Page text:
Since its inception, the BMW i3 has been sort of behind the curve, in terms of pure electric range. Even when it first debuted, its range wasn’t any further than the much cheaper Nissan Leaf’s. It made up for that with a carbon fiber construction, wild looks and peppy performance. Though, now that cars like the Chevy Bolt and Tesla Model 3 have both debuted, boasting much further ranges and much lower costs, the i3’s charms are starting to wane. So BMW released a bigger battery for both the BEV (Battery Electric Vehicle) and REx (Range Extender) models. Still, the i3 lacks in range, but it’s getting better and the REx model has a total range withing striking distance of the Bolt.
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It seems, though, that buyers of the BMW i3 aren’t cross-shopping these cars. BMW i3 buyers are going to buy it for its looks, style, driving dynamics and interesting construction. If they were just looking for range, it would be no contest. So the real question for buyers isn’t whether or not they should buy a BMW i3 but which one? In this recent comparison from SlashGear, they compare the BMW i3 with the BMW i3 REx, to see if it’s worth going full-electric or gasoline range extender.
With the gasoline range extender, the BMW i3 is capable of around 170 miles of total driving range. Thanks to its new 94Ah battery, it can do about 100 miles of pure electric driving. Once that runs out, a small gasoline engine under the trunk floor fires to life and acts as a generator. That recharges the battery, giving the i3 about another 60-70 miles of range. Overall, that’s not bad and is close to the 200 miles of the Chevy Bolt. However, once the engine kicks on, it’s a bit loud and course when stopped. Music can drown it out pretty easily but it sort of ruins the silent experience of an EV.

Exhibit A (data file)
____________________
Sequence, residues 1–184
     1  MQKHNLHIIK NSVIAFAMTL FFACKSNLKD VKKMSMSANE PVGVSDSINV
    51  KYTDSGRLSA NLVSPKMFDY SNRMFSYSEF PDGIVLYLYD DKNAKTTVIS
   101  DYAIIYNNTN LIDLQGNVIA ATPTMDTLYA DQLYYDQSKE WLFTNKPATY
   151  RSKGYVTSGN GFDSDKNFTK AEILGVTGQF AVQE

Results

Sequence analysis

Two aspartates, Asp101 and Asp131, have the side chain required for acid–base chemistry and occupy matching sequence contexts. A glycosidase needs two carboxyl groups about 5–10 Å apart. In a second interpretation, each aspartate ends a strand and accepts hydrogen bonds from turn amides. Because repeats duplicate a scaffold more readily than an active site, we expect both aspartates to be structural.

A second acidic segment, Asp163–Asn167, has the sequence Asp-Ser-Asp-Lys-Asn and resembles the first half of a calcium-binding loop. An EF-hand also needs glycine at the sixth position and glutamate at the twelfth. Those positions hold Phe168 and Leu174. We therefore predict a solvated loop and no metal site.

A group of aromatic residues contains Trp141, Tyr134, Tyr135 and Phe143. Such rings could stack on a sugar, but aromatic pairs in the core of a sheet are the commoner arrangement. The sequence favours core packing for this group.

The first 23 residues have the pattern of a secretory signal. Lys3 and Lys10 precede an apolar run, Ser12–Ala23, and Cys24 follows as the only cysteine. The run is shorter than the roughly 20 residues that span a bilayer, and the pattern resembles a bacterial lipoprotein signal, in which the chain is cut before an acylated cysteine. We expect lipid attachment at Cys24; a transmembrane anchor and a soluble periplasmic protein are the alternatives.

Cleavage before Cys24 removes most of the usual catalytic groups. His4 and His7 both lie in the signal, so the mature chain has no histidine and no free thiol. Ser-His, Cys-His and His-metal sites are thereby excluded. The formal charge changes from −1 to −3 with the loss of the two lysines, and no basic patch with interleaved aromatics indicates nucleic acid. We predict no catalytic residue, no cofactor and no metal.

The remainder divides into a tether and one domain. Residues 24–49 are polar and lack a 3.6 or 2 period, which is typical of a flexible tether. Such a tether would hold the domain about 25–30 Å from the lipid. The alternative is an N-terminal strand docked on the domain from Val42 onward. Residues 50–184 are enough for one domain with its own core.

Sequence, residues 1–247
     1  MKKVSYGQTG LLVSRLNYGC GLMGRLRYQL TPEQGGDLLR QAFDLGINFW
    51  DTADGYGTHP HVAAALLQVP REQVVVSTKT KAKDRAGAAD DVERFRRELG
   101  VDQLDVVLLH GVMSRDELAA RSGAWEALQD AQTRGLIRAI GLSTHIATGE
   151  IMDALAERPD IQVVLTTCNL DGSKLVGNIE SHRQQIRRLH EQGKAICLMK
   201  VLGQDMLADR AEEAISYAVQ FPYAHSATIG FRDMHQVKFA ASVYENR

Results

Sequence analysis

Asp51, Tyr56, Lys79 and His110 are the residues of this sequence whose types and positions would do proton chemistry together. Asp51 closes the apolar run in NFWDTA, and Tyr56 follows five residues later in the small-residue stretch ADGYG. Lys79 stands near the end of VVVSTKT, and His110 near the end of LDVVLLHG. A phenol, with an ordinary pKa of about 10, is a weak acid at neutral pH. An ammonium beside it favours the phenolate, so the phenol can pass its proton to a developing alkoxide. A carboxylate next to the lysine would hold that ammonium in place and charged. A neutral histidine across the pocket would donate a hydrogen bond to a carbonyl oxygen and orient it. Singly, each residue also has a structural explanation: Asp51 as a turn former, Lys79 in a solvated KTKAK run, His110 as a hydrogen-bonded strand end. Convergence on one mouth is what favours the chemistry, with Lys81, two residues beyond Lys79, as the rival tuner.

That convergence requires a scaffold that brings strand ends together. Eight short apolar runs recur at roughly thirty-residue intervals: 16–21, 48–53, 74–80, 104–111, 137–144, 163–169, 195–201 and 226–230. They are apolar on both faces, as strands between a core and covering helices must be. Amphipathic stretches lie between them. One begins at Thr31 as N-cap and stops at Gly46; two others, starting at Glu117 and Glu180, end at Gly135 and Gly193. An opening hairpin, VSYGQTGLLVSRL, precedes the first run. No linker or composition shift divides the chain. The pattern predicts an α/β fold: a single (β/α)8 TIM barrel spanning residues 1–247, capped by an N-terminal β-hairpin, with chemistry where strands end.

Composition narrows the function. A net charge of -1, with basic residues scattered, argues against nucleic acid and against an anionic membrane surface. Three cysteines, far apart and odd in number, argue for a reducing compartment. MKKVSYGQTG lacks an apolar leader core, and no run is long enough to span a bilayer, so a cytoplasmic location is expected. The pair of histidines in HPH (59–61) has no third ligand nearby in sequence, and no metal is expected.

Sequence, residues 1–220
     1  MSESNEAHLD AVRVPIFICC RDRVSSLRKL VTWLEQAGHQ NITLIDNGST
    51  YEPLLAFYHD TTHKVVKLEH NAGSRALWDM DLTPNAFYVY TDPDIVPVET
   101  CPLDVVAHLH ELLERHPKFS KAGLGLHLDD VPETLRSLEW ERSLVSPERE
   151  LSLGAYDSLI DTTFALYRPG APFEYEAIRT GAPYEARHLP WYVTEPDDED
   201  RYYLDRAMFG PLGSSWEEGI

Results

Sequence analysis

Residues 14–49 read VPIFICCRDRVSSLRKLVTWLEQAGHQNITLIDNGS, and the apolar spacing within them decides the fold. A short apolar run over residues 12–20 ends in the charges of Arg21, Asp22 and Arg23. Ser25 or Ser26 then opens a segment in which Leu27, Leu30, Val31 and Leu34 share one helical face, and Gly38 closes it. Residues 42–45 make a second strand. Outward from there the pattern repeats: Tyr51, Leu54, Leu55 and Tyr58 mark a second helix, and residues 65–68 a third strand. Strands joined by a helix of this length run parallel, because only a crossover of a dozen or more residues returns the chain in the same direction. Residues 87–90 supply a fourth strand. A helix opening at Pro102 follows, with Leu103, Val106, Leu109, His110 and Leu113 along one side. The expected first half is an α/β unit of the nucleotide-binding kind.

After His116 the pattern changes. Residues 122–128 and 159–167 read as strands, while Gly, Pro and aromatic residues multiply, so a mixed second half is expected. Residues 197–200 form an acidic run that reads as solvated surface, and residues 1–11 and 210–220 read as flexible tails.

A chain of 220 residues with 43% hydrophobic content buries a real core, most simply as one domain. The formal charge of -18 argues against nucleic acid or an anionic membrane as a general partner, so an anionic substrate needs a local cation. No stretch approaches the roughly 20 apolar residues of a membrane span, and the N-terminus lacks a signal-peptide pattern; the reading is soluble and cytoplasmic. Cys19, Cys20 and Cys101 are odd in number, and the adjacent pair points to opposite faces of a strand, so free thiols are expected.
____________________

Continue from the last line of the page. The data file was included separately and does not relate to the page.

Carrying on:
As for the standard BEV car, it can do about 110 – 114 miles of pure electric driving. Why the added increase in range without the range extender? Weight. The standard BEV is lighter than the REx, giving it more range. Though, that 114 mile range maximum is the best you’ll get. There’s no added range anywhere, once it’s flat, it’s time to charge. So it’s best suited purely as a city car.
Though, both have the same nippy handling, punchy performance and wonky style. The BMW i3 looks like nothing else on the road, has a cabin like nothing else in the industry and has a carbon-fiber passenger cell, like a McLaren, in a car that costs less than $50,000. So it’s still a very interesting car, even if EVs like the Bolt have passed it by in terms of range. So which one is best?
Well, SlashGear is a bit ambiguous about it but I think the answer is the BMW i3 REx. Thanks to its range extender, you can go significantly further than the standard BEV car. Sure, it lacks a few miles of pure electric driving but it’s not much. The REx just adds some safety-net miles in case of an emergency and rids range anxiety. Sure, it’s a bit more expensive and lease deals are harder to come by but, personally, I think it’s worth it.